Tuesday, April 27, 2010

Bianca Knows Best ... and Helps a Suspicious Boyfriend

Posted By on Tue, Apr 27, 2010 at 12:45 PM

Dear Bianca,

Last week, my boyfriend received a text message when he was out of the room. I heard the alert sound, so I checked it. We’ve been together for five years, so I figure I’m allowed to check his texts.

The message came from a new friend of my boyfriend’s whom I’ve yet to meet. We’re gay, by the way. Apparently, my boyfriend has struck up quite the friendship with this guy. They’ve been hanging out a lot. The message said, “Hey man, want to have a few drinks with me tonight?”

When my boyfriend entered the room, I asked about the text and then he got mad at me for looking in his phone. He insists the guy is nothing but a friend, but when I asked to come along, my boyfriend got angry and stormed out of the house.

He ended up meeting the guy without me, and now I’m worried that he might be cheating. Am I over-thinking this? What if the guy is just a friend? Now my boyfriend thinks I don’t trust him. What should I do?

— Faithful Partner

Dear Faithful,

Though its perfectly fine for gay people in relationships to have gay friends (or for straight people in relationships to have friends of the opposite sex), it’s important for partners to share those friends ... at least to some extent.

This rule especially applies to new friends who come along during the course of an established relationship. If you have old buddies from before you become involved with someone, they’re less of a threat. But if your partner starts hanging out with a new gay friend, you shouldn’t be left out of the picture.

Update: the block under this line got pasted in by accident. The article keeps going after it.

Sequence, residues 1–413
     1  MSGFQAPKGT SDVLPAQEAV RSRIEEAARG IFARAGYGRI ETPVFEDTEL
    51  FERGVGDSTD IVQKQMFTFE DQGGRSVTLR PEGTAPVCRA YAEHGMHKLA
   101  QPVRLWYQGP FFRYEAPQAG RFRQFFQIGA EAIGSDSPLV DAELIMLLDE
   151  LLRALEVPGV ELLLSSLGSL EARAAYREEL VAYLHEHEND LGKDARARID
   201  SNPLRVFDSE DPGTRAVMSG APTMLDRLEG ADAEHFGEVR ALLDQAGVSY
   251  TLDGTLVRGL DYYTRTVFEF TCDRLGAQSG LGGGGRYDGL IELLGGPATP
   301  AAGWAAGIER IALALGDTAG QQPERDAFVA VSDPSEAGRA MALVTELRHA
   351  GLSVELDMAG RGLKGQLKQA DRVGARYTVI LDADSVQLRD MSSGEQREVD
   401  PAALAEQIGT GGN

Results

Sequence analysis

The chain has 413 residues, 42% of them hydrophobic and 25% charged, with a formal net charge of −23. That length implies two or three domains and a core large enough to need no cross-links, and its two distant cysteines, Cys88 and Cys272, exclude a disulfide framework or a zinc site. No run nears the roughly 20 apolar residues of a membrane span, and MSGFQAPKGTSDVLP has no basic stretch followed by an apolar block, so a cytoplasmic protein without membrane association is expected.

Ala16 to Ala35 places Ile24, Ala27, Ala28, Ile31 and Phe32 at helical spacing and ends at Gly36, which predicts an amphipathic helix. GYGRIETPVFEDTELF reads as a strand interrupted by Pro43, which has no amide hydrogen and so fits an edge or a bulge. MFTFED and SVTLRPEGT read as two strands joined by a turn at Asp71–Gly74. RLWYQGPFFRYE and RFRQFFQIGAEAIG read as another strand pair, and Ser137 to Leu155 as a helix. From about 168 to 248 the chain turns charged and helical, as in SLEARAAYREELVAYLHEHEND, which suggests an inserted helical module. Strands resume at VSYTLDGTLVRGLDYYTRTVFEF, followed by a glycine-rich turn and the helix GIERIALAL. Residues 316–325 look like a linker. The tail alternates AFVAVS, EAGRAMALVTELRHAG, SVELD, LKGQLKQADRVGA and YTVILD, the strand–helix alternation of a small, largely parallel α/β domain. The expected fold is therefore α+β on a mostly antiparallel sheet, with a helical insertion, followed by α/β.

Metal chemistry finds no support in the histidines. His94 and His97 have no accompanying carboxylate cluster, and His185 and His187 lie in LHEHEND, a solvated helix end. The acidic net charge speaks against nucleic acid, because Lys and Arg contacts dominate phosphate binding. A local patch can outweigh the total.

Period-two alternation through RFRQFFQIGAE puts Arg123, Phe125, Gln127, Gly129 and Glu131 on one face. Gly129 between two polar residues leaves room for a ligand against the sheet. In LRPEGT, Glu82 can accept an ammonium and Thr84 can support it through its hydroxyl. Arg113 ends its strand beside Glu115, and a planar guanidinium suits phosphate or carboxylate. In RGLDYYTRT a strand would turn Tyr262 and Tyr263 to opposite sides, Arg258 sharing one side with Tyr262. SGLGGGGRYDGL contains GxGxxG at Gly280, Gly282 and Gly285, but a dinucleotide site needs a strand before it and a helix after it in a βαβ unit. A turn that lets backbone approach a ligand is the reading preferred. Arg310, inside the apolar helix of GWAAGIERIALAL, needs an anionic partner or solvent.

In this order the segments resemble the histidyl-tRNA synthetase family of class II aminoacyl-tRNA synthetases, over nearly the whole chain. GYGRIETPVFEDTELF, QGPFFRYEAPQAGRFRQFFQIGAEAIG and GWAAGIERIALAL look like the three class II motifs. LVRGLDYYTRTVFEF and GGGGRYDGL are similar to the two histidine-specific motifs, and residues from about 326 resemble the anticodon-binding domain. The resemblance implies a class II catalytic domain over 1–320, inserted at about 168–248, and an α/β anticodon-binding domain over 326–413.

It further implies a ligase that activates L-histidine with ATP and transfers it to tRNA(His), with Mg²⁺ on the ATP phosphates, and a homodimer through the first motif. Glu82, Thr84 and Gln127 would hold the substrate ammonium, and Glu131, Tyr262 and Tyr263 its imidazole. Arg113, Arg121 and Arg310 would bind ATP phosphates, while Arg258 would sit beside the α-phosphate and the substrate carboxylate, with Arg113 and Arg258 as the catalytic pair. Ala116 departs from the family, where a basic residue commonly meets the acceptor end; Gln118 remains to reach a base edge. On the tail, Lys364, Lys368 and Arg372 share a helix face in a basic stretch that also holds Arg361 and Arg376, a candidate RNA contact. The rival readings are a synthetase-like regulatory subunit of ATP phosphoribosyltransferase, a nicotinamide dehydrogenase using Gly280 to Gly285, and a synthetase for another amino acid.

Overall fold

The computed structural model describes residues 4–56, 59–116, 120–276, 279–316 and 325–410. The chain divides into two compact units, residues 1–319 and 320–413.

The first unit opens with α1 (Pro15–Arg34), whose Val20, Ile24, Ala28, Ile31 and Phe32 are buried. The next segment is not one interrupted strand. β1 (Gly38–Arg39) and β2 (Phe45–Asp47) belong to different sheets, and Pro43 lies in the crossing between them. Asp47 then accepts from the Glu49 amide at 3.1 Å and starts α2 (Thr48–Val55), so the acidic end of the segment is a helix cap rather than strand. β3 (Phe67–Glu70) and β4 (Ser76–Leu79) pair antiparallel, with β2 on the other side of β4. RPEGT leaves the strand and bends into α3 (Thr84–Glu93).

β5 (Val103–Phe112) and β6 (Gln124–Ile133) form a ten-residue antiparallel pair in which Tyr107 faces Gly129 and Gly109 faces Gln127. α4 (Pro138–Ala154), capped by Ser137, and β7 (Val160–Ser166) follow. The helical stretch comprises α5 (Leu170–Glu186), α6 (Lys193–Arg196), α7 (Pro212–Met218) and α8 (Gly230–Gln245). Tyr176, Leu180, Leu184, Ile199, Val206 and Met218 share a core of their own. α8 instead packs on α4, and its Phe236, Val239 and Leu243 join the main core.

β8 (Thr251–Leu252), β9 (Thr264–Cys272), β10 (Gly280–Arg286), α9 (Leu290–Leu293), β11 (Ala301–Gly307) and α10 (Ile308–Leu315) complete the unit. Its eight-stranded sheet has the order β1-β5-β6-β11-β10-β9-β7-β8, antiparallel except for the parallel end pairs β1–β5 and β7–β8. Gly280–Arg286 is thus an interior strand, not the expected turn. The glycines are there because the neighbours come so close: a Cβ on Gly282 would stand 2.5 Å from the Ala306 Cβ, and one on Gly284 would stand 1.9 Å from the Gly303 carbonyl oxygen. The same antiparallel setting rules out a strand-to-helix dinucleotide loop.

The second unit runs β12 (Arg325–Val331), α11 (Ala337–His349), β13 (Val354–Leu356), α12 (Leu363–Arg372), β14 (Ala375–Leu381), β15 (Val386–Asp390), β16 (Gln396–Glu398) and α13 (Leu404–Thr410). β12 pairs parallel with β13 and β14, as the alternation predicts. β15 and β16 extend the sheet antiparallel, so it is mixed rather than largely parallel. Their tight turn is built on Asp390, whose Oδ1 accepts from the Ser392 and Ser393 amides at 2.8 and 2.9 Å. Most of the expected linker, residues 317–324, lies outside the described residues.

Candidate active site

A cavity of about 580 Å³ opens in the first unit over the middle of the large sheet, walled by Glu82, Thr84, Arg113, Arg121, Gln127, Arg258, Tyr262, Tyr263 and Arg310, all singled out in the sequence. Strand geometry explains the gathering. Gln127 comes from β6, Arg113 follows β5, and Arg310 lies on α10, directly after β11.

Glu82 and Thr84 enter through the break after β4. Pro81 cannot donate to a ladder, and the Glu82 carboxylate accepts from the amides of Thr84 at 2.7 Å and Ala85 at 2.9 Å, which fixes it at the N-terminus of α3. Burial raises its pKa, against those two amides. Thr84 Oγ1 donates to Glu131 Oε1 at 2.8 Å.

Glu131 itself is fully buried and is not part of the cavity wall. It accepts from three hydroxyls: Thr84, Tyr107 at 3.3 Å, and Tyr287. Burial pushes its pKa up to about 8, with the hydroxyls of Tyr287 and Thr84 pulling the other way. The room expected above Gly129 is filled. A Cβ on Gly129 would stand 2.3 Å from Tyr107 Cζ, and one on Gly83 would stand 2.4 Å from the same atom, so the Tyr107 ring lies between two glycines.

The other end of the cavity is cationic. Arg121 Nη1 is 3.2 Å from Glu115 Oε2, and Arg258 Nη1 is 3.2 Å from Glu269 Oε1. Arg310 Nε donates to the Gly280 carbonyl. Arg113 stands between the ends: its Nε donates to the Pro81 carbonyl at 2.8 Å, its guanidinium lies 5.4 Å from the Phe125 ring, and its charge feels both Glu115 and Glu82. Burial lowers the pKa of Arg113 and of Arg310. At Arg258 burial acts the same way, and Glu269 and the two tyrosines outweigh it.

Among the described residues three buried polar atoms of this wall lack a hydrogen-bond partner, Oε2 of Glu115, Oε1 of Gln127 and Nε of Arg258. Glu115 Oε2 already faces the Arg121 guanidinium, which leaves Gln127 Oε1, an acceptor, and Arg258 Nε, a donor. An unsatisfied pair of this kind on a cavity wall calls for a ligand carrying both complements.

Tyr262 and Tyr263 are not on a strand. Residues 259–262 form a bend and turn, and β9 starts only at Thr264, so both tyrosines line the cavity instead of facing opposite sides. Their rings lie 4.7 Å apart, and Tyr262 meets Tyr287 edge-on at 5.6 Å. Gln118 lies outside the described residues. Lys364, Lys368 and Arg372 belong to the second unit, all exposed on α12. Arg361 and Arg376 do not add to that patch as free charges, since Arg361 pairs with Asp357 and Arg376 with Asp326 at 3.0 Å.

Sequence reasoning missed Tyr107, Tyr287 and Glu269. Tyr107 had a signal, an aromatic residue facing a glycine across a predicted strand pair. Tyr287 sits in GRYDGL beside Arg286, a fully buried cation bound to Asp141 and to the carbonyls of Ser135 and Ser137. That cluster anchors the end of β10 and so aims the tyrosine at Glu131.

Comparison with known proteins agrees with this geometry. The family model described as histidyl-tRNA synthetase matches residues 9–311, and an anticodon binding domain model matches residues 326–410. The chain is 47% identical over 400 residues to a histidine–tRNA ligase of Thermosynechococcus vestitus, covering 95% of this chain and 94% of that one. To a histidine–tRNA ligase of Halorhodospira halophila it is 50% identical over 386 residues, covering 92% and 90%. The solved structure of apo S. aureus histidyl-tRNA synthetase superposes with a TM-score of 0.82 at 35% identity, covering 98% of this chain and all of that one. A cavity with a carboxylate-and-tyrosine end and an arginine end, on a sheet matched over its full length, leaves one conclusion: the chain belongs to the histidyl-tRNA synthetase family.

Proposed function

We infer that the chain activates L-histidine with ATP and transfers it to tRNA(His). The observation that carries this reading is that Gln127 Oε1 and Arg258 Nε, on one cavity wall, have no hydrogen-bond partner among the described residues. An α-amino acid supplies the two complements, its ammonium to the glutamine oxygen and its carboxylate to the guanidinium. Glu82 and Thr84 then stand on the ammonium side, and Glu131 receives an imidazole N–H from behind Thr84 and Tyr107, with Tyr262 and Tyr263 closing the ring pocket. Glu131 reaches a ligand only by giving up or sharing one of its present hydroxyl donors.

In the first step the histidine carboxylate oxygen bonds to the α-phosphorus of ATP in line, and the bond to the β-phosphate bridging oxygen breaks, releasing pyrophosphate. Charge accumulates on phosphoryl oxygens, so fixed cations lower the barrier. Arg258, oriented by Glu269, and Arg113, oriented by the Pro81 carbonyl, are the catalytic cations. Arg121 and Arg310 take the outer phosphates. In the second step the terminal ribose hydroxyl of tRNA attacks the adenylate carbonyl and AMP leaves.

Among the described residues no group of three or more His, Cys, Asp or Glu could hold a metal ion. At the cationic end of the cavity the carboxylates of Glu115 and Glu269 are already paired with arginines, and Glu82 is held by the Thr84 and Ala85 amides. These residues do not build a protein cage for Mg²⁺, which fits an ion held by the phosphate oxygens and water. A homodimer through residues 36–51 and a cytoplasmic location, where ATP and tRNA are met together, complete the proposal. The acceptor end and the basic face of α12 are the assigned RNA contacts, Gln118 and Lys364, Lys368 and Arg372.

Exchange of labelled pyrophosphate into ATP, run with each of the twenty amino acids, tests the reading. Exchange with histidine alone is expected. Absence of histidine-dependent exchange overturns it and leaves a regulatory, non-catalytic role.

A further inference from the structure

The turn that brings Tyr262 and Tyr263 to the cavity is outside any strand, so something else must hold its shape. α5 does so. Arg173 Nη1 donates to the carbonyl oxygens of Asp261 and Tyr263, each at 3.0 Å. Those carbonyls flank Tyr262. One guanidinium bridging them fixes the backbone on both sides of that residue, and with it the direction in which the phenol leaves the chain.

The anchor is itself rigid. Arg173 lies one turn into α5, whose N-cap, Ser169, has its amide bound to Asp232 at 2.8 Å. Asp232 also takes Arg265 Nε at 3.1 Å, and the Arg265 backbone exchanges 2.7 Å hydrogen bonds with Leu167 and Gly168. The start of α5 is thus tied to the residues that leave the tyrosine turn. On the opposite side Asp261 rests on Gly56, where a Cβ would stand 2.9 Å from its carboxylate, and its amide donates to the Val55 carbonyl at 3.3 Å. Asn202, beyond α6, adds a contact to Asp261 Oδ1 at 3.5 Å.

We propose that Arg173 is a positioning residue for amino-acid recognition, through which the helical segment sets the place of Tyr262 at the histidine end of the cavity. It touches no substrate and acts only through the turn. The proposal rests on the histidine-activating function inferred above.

Where did your partner meet this friend? If he’s a co-worker or a member of an organization he’s involved with, that might be less threatening than if this is some guy he met at a club or bar.

Regardless, your boyfriend shouldn’t be shutting you out. That’s highly suspicious. If there isn’t anything going on, don’t you think your partner would invite you out for drinks too? Don’t you think he’d be eager for you to meet his new friend if he was only a friend?

The fact that he got angry when you invited yourself is a red flag. Sit your partner down, and explain that you’re feeling left out. If your partner truly cares for you and isn’t cheating, he’ll understand your feelings. If he continues to turn the issue around on you to make you feel like you’re the one with trust issues, I’d say he’s probably guilty.

Got a problem? E-mail Bianca at bphillips@memphisflyer.com

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